We Don’t Just Need Nicer Cops. We Need Fewer Cops.
The following piece is from The Nation. It was written by Alex S. Vitale.
By: Alex S. Vitale
Protests against the recent police killings of unarmed black men and boys—Eric Garner and Akai Gurley in New York, Michael Brown in Ferguson, John Crawford and 12-year-old Tamir Rice in Ohio—have put the policing of communities of color on the top of the local and national agenda. Signs are even emerging of a new level of social movement activity around racial justice and the criminal justice system that may outlast the current wave of anger and heartbreak.
What stands before us, therefore, is the hard work of both building political power and articulating what that change might look like. So far politicians, police and even many community leaders have trotted out many of the well-worn proposals that have failed to deliver in the past and offer little hope for the future.
While the racial imbalance between the police and the policed in Ferguson was no doubt a contributing factor in the breakdown of community trust in the police, increasing police diversity is unlikely to improve things much on its own. Increasingly, large urban police departments are becoming much more diverse and reflective of the communities being policed. For years, Philadelphia police have had to live in the city, resulting in a department that largely mirrors the city’s demographics. That department, however, has been rife with corruption, mismanagement and excessive use of force. As a result, residents of color have seen little relief from the daily indignities of discourtesy and aggressive criminalization. Even the NYPD has significantly enhanced its diversity in recent years in terms of race, ethnicity, gender and language skills, but few are likely to claim that this has led to a dividend of courtesy or respect.
Recent uproars over the diversity of NYPD leadership in recent months are a further red herring. There is no evidence that black and Latino police executives have been a force for moderation under either Commissioners Kelly or Bratton. Top cops like Phil Banks and Rafael Pineiro oversaw a massive expansion of stop-and-frisk under Kelly and fully embraced the over-policing of communities of color as the primary strategy for crime reduction.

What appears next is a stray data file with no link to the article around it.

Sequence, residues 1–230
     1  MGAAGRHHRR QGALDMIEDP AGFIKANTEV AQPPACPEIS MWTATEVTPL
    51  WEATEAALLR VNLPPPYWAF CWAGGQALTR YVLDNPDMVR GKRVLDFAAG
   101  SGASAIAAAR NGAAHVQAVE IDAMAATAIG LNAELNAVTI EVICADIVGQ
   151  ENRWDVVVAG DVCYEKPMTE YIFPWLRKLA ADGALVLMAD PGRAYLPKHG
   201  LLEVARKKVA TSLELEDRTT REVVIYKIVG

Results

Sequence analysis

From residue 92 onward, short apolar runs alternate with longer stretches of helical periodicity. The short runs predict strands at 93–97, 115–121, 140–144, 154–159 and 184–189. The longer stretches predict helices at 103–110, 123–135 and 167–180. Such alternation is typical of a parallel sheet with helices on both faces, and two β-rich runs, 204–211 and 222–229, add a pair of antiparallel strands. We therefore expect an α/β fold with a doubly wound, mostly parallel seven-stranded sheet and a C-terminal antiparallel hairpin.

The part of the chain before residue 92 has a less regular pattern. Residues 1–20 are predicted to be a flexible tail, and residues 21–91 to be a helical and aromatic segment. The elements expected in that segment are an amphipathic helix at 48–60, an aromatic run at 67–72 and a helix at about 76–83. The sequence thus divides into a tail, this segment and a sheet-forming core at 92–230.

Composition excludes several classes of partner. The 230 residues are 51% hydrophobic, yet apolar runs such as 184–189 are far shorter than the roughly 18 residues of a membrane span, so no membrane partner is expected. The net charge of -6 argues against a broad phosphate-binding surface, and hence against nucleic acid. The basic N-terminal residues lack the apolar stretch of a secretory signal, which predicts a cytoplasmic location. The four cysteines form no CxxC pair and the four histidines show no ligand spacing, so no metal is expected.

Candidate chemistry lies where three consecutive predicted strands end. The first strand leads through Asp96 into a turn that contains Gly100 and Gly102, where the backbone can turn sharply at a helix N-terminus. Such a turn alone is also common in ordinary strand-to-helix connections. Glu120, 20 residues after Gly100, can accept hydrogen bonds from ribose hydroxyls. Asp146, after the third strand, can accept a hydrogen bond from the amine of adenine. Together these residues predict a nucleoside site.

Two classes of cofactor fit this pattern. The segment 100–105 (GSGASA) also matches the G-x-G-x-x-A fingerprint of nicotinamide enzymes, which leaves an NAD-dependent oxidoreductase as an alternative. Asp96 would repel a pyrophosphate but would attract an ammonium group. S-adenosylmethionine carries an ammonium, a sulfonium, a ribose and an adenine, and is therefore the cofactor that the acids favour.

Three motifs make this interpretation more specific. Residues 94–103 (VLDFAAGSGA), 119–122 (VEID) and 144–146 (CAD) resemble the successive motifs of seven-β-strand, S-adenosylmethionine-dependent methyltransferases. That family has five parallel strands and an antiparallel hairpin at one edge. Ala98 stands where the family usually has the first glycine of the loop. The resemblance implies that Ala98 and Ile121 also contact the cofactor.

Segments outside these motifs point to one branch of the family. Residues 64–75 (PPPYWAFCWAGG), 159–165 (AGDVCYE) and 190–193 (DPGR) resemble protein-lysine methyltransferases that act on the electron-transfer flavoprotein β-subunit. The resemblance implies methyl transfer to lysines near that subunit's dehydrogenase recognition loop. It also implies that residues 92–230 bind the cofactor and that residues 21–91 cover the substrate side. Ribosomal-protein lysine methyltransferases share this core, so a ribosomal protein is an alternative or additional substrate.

Everyone likes the idea of a neighborhood police officer who knows and respects the community and can tell who the good guys and the bad guys are. Unfortunately, this is a mythic understanding of the history and nature of urban policing. What distinguishes the police from other city agencies is the legal authorization to use force. Their primary tools of problem solving are arrest and coercion.
While we need police to follow the law and be restrained in their use of force, we cannot expect them to be significantly more friendly given their current role in society. The reality is that when given the task of enforcing a war on drugs, stamping out quality-of-life violations and engaging in “broken windows” policing, their interactions with the public in high crime and disorder areas is going to be at best gruff and distant and at worst hostile and abusive. When their basic job is to criminalize all disorderly behavior, the public will resist them and view their efforts as intrusive and illegitimate, and the police will react to this resistance with defensiveness and increased assertiveness. Community policing is not possible under these conditions.
Training of police officers is notoriously inadequate and at times laughable. Officers are subjected to paramilitary drilling and discipline, lectured on paperwork and legal procedure, taught how to drive and shoot a gun, and then let loose on the public, where their colleagues quickly tell them to forget everything they learned in the academy. So, yes, training improvements are needed, but their effect on communities of color are unlikely to be significantly beneficial.
While inadequate training and supervision may have played a role in some recent high-profile incidents, the fact remains that the massive criminalization of communities of color is being carried out using “proper procedures.” The tens of thousands of arrests for low-level drug possession, trespassing, jumping subway turnstiles and dozens of other “broken window” offenses are generally carried out consistent with police policy, if not strict legal standards. Eric Garner may have been killed by improper arrest procedures and use of force, but he was also killed because the police were following orders to arrest people for selling loose cigarettes.
Community Control of the Police
Even more radical strategies like calling for community control of the police have serious drawbacks. There are two main problems. The first is that communities are not well suited for this task. Most people have very little interest or expertise in undertaking the role of managing a complex city service. In addition, no matter what it might say on paper, community power is typically no match for the entrenched bureaucratic power of the police. Numerous studies show that even when the community is supposed to be given a role in directing police services, the police quickly come to control the community process. Second, even if communities were to develop the power to direct the police, we might not like the results. Given the highly segregated nature of American cities, enclaves of racialized policing could be expected to emerge, as white communities attempt to wall themselves off from the perceived threats of outsiders. Even in communities of color, local community leaders are not always operating with the best interests of the entire community in mind. Those that tend to populate community institutions tend to be older, more conservative and closely tied to local landlords and businesses. These players are unlikely to be the source of dramatic changes in police policy.
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